The governor elections are little more than a guess, but the Senate and House I study to a pretty in-depth level. The Senate gets more individual detail simply based upon the number of races to analyze.

I don't pick individual races (though that's almost what you have to do in the Senate). Instead, I predict the makeup of the Senate, House and the number of governors from each party. Independents are included with the party they caucus with or their basic ideology.

Here are the predictions:

Senate: 53 Republicans and 47 Democrats (+/- 1)
House: 207 Republicans and 228 Democrats (+/-5)
Governors: 26 Republicans (+/-1)

We'll see how I do...

20181107 UPDATE

Still waiting on 3 Senate Races and 12 House Races.
Could be dead on in the Senate but looks like Dems did better in the House than I predicted, but I still have a chance of staying in my margin of error.

20181108 UPDATE

No movement on House and Senate - gonna be a while.
For the House, the final number will be between 223 and 236.  I need 3 of 5 toss-ups to go the R way if I am to stay in the margin of error.
Senate is looking like a 53 - exact match! But it's still plus or minus 3. I can afford one race not going the way it's leaning.
Governors races will be either 26 or 27 Republicans so I got that one within the margin of error (the remaining one will likely go red and make it 27 - so not exact.

On Corporate Accountability (or lack thereof)

“With Great Power Comes Great Responsibility” …


In the Corporate world, the responsibility is theoretically there, but to whom and to what end? What’s really missing is accountability. After all, as another adage goes, this one from economics: people respond to incentives. Absent proper incentives, no amount of responsibility overcomes a lack of accountability. True negative incentives do not exist in the Corporate world. CEO’s, CFO’s and Board Members never face any real, personal punishment for their actions. Absent this, normal incentives produce poor behavior in the pursuit of profits. This should not be surprising. Until the decision makers in Corporations face personal accountability, Corporations will place profits over responsibility.

First a little history: The introduction of Limited Liability is one of the great inventions in the world of business. As Deirdre McCloskey discusses in Volume 2 of her seminal work on economic history: Bourgeois Dignity, it is one of the ideas that changed the world. The ability to shield your personal assets from forfeiture due to a business failure was one of the critical factors in the massive expansion of business innovation and revolution that resulted in millions worldwide being lifted out of abject poverty (137). But slowly, over decades, a problem emerged. The Citizen’s United Supreme Court decision essentially bestowed the rights of a person onto Corporations (Collins). We can debate if the decision was right or wrong, but the idea of Corporate “personhood” highlights the great missing piece: you cannot hold a Corporation accountable in the same way you can a person. Certainly, you can fine them both, but try putting a Corporation in prison and the problem becomes clear, as Smith and Howat point out in Justice Inc: “companies have no soul to be damned, no body to kick.” (110).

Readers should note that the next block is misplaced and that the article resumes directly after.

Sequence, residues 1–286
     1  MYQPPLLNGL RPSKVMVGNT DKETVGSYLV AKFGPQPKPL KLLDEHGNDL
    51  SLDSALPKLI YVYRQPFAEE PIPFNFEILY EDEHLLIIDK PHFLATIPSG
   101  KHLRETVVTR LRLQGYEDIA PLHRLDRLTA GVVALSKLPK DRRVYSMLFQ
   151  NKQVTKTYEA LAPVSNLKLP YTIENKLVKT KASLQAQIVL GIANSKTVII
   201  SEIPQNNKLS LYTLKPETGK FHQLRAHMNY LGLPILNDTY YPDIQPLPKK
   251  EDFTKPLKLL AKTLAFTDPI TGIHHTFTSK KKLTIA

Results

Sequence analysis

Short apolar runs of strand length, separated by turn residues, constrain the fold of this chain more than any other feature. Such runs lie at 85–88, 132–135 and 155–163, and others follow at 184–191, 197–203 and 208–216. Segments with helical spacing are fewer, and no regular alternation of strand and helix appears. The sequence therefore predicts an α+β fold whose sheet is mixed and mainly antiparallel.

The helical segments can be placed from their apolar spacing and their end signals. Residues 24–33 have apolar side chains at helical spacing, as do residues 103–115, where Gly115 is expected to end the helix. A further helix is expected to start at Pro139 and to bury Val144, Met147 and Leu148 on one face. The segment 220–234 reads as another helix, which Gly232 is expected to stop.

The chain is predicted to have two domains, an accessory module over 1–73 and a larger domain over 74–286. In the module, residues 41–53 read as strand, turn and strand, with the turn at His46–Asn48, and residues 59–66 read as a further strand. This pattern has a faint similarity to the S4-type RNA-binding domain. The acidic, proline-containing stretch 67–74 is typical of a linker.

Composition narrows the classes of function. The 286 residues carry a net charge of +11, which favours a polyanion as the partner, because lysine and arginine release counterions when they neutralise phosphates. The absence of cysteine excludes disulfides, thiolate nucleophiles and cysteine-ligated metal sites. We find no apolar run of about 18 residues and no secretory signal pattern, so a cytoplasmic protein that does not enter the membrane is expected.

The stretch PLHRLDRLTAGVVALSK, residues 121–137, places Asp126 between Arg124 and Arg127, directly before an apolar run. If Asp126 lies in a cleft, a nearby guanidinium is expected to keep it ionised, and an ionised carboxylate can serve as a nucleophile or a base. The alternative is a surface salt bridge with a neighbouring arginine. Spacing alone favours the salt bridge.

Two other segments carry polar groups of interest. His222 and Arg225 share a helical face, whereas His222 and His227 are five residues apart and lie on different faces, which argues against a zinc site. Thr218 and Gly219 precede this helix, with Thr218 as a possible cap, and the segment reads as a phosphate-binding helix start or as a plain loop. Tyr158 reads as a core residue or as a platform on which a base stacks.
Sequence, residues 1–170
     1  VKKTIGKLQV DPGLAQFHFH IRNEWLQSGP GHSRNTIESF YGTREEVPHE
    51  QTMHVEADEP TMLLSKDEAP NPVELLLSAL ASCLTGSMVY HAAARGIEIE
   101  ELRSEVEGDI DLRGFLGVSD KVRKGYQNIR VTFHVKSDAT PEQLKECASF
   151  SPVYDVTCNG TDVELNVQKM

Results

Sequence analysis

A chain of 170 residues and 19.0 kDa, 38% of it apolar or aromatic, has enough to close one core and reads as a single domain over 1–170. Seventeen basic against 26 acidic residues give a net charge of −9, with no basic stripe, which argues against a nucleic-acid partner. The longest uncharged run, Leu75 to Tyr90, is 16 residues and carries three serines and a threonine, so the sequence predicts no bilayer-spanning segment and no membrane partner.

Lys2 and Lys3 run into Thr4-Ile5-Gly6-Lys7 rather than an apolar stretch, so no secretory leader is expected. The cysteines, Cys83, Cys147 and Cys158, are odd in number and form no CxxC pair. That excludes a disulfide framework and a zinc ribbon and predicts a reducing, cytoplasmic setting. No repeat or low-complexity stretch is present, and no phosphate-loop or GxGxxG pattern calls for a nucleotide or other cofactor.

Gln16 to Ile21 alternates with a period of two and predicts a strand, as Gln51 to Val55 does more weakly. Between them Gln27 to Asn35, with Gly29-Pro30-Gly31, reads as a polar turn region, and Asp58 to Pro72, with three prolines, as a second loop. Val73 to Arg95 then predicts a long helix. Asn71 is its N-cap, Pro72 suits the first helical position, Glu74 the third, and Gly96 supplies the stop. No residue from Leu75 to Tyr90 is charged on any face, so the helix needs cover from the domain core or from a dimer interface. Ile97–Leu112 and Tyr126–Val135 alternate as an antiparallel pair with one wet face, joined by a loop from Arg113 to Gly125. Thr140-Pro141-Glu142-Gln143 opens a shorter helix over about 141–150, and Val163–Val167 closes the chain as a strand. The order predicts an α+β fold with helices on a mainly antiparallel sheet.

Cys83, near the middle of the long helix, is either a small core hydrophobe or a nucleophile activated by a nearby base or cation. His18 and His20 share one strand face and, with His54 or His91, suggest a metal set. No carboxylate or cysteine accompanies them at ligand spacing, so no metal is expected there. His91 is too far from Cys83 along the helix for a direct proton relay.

Corporations have shareholders – being a Corporation encompasses the LEGAL duty to the shareholder to maximize profits and increase the value of the stock. Even with the most ethical of Corporations this requires a short-sighted approach. They are required every quarter to report on the past year’s profit, and then make projections towards the future. Investors and reporters follow these projections with all the fervor of sports scores and election results – and the stock price responds. Corporations respond to incentives – and shareholders are a BIG one. So influential, in fact, that the temptation to cheat becomes almost impossible to ignore. Absent any real repercussions, the inevitable happens – Corporations begin skirting the rules, and then breaking them. The term “Paper Tiger” was coined to describe this: “Developments in the law are making the corporate form more opaque and allowing the agents who animate it to escape individual accountability for their actions.” (Nelson).